DENVER — In between possessions, Teddy Bridgewater is no different than any other quarterback.
He heads to the sideline to review the previous series on a tablet and perhaps chat with his quarterbacks coach or offensive coordinator.
During the Broncos' shutout win over the Jets, though, Bridgewater couldn't help but let his eyes stray to the action on the field.
"I'm on the sideline, and I'm looking up at the scoreboard and every time the quarterback draws back, I'm yelling 'pick' because this defense has the ability to just change games," Bridgewater said after a 26-0 win that pushed Denver to 3-0 on the season.
The Broncos' defense again illustrated its ability to smother an opposing offense, as the unit harassed rookie Zach Wilson all afternoon.
In the Broncos' home opener, Wilson managed just one completion in the opening quarter and was held to 56 passing yards at halftime. He was sacked four times — by four different players — in the opening two quarters, and the barrage didn't stop after the break. Denver added another sack and picked off Wilson twice in the fourth quarter.
Through three weeks, the Broncos have recorded four interceptions and a fumble recovery. After posting just 16 takeaways in all of 2020, Denver has increased its production by a substantial margin.
"You saw them today creating turnovers, getting to the quarterback, stuffing the run, playing tight coverage in the pass game," Bridgewater said. "That's what we expect from them. We're honestly not surprised by it. But we also know the sky's still the limit for those guys and they understand that too. Like, man, there's so much still out there for us. We've just got to keep that mindset as a team."
The Broncos' defense has been particularly stout against opposing quarterbacks. Through three games, Daniel Jones, Trevor Lawrence and Zach Wilson have averaged 181.7 passing yards, 0.67 touchdown passes, 1.3 interceptions, 2.67 sacks and 57.8 passer rating while completing just 52.4 percent of their passes.
Safety Justin Simmons knows the defense cannot let up as Lamar Jackson and the Ravens prepare to head to Denver in Week 4.
"Takeaways are such momentum shifters," Simmons said. "That's what we need to focus on and continue to focus on. Just because it's been happening the first three weeks doesn't mean you've found your formula and it's going to carry over for the rest of the year. You've got to continually attack it. That's going to be our mindset, and we've just got to keep stacking the weeks."
This week, though, was worth celebrating. There were individual efforts — sacks by Von Miller, Alexander Johnson, Shelby Harris and Malik Reed and interceptions by Simmons and Caden Sterns — and collective successes. New York finished with just 162 total yards and lost nearly as many yards on sacks (41) as it gained in the running game (43).
"It's fun," Miller said. "We've just got to continue to stay in the moment. It's fun when you win, it's fun when you make plays. It's fun when everybody makes plays. You don't want just one guy making plays. It's fun when everybody gets sacks. It's when when everybody catches the ball and scores touchdowns and all of that stuff. … It's fun when everybody gets a turn to help out the team, and that's what everybody did today."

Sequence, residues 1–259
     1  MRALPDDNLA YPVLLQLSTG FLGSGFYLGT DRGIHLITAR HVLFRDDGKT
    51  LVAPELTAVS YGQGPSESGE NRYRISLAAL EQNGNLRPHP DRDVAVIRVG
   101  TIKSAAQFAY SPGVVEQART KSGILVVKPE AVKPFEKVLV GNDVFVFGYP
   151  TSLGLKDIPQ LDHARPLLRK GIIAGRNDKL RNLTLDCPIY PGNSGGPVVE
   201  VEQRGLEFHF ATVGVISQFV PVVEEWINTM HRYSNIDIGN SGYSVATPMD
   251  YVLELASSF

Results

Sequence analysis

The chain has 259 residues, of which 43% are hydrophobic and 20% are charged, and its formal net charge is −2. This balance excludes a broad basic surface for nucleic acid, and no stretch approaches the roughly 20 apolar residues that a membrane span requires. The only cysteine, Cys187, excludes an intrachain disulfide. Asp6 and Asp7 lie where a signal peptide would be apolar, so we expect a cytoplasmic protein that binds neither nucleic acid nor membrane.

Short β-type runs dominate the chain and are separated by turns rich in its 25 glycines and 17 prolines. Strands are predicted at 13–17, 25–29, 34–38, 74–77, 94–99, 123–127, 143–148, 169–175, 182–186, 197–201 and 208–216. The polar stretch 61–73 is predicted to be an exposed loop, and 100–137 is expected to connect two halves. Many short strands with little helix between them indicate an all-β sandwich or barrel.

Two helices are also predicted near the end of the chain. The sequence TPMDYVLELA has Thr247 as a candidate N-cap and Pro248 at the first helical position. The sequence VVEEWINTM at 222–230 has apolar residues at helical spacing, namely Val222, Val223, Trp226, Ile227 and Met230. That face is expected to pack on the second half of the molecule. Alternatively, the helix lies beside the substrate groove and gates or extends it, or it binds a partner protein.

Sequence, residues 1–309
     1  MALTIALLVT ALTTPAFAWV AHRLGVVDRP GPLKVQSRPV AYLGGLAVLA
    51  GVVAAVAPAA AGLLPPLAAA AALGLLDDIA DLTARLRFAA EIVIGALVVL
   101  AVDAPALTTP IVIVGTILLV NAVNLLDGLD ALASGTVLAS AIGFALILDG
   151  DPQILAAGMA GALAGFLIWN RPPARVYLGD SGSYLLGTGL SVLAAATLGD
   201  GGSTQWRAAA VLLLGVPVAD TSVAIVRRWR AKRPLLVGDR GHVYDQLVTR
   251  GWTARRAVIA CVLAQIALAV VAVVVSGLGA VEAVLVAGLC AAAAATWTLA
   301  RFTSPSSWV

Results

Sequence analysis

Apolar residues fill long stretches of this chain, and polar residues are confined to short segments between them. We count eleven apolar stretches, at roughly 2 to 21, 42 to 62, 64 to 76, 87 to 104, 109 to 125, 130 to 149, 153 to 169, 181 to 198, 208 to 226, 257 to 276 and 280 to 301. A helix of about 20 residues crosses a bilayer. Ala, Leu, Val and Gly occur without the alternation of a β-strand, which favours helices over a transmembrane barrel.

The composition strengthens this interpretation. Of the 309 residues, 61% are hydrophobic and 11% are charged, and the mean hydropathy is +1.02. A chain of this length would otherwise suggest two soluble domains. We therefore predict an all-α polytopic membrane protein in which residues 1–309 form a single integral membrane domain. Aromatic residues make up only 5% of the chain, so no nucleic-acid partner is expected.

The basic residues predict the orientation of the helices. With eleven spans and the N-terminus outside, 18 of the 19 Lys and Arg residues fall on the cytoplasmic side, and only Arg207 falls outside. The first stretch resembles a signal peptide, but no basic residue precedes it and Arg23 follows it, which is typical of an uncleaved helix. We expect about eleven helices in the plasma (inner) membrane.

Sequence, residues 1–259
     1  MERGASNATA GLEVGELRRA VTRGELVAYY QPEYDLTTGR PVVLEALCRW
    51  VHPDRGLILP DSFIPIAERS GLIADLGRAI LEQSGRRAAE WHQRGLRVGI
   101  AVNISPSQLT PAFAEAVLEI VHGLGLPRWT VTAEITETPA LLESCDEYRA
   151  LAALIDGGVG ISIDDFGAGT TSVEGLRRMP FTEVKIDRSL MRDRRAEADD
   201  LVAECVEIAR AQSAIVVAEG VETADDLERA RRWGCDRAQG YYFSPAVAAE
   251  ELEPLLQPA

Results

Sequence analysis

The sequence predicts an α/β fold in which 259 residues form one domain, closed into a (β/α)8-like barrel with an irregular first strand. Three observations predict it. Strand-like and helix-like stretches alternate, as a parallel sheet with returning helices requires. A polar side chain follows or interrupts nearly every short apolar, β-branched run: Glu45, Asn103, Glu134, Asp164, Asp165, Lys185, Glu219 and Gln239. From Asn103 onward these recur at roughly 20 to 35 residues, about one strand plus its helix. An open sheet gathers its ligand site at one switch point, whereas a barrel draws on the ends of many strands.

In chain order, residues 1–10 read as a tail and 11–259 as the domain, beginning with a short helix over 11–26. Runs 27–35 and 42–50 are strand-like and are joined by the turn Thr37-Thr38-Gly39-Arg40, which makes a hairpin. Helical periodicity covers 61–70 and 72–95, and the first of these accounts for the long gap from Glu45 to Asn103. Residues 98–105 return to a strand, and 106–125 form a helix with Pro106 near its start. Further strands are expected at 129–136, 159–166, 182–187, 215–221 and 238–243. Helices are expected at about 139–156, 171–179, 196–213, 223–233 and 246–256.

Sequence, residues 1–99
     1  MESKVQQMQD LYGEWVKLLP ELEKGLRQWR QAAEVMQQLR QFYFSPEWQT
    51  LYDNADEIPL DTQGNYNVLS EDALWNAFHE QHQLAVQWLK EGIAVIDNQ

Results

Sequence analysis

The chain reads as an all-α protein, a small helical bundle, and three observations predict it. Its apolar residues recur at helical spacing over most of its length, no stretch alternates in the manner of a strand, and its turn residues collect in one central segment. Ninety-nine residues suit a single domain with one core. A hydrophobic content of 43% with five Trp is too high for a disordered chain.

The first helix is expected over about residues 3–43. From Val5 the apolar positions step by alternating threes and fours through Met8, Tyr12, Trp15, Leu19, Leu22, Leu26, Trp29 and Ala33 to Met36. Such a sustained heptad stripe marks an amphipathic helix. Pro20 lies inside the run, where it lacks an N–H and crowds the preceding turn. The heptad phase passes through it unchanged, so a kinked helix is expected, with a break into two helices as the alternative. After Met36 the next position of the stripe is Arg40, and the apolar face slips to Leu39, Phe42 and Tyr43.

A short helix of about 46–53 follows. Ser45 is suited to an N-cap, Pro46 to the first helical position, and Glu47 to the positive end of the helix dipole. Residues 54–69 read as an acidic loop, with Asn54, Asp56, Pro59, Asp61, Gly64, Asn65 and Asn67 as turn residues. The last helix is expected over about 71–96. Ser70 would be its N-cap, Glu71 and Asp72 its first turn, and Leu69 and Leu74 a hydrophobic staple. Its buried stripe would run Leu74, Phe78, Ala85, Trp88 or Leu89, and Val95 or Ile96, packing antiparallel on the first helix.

Perhaps most encouraging, the Broncos turned in the effort from the start. In Week 1, the Broncos allowed a 42-yard pass to Darius Slayton before Von Miller helped knock the Giants out of field-goal range. A week later, Trevor Lawrence went 5-of-7 on an opening drive for a touchdown. In Denver, Wilson found no such luck. The Broncos forced a quick punt and then held the Jets to three-and-outs on two of their next three possessions.
The Jets didn't have a play longer than 14 yards through the first two quarters, and they had just two plays longer than 20 yards the entire game. Those 22- and 23-yard gains came with the game well out of hand.
We just played good football, which is what we like to do," Head Coach Vic Fangio said. "We're where we're supposed to be, and we're there doing it the right way and we've got 11 guys playing together. … And then you've got to make some great individual plays along the way."
The Broncos' task will soon get more difficult, as they welcome Jackson and a Ravens offense that averages north of 27 points and hung 37 on the Chiefs in Week 2.
On Sunday evening, though, the Broncos were left to celebrate their largest shutout win since they blanked the Jets 27-0 in 2005. And while the result was no longer in doubt when Sterns recorded his interception to seal the shutout, Simmons believes there's value in sending the Jets back to New York without a point.
"I feel like [shutouts] says a lot about your character as a defense," Simmons said. "Obviously, there is a certain point where — probability wise — the game is over. As a defense you [have to] go out there and … [say], 'Hey, this counts. Let's prep for when they go out there and need a field goal to win the game.' That's the mindset. That's what guys are preaching on the sideline. It's important. It's hard to get into that mindset, and that's why it's so important to think about because when it actually matters, that's going to kick in. That's going to win us some football games this year."
It certainly did on Sunday.